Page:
With CAD design and a 3D printer, fine jewelry design progresses millions of years into its high-tech future.
From the pages of In Business magazine.
When Chalmers Jewelers decided to open an east side store in December 2017, it joined the hip, entrepreneurial vibe being created along East Washington Avenue. Thus far, it’s been a good bet. The store surpassed its first-year budget and is seeing more east-siders, which was another important goal.
Scott Chalmers founded Chalmers Jewelers in Middleton in 1992, so the downtown location is not only the company’s second retail store, it begins the family business’ second generation, with son Garrett taking the helm as jewelry designer.
Garrett, 32, recalls his dad putting him to work in his store as a youngster, polishing jewelry and cleaning cases. “I was a pro glass cleaner,” he laughs.
He always knew he’d follow in his dad’s shoes, so after high school, Garrett moved out to Carlsbad, Calif. and enrolled in the Gemological Institute of America (GIA), where he became a graduate gemologist and earned a business degree focusing on the jewelry industry.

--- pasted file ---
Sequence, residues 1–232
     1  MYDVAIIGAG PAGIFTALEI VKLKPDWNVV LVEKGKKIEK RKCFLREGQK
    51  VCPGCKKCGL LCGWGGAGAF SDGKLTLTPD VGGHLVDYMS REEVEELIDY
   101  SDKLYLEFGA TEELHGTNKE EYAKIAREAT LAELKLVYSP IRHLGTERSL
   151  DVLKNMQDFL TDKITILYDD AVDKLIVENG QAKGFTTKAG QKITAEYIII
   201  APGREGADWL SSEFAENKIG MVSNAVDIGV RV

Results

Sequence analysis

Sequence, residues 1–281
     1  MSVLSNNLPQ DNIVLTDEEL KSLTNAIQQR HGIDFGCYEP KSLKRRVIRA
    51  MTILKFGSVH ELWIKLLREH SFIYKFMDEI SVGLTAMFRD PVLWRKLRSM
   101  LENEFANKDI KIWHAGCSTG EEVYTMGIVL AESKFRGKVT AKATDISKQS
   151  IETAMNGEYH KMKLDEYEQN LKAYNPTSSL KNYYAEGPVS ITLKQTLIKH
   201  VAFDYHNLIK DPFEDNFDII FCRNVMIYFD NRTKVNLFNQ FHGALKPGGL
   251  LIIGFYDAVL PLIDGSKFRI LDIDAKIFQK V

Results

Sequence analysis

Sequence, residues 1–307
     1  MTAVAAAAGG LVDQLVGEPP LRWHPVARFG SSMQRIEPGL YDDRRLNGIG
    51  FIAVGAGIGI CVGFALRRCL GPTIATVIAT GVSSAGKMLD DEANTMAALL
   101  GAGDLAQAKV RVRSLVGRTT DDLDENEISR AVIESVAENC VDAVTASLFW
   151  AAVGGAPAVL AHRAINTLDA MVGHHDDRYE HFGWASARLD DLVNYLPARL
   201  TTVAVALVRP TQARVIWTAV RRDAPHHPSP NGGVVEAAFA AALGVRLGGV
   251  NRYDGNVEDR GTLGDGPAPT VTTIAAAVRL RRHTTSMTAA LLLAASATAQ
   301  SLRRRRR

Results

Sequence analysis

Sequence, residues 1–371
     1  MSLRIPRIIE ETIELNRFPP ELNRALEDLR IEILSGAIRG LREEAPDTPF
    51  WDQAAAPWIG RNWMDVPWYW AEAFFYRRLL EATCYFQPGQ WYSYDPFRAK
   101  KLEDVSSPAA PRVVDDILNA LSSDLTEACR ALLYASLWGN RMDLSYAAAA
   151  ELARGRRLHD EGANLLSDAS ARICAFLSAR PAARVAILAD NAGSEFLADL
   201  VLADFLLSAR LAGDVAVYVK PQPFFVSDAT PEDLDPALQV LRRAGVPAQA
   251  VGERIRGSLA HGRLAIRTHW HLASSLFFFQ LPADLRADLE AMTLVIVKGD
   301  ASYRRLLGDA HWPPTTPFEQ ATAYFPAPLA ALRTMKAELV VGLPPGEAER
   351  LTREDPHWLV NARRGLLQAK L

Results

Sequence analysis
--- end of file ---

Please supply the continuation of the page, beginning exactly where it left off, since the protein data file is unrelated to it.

He also learned all about using CAD,or computer-aided-design, in jewelry design. Soon, he realized that CAD was much more interesting to him than grading, appraising, identifying colored stones, or deciphering between natural or lab-created diamonds.
Using the same CAD program he learned at GIA, Chalmers designs a two-toned solitaire engagement ring. Customers can view tweaks instantly on the wall monitor behind him.
“I was never a great artist, but I had ideas,” the younger Chalmers admits, “and CAD allowed me to create without drawing.” He also sensed that the jewelry industry was about to get more technologically savvy. “The future of jewelry design was heading to 3D printing, and that’s what really intrigued me.”
He returned to the area eight years ago and continued to learn from the company’s goldsmiths in Middleton. “Schooling gave me the basics on how to use the tools,” Chalmers says, “but our goldsmiths deserve the credit for teaching me
the things I didn’t learn in school.”
Recently, we paid a visit to the new store, located at 524 E. Washington Ave., anxious to learn about jewelry-making from its newest ringleader.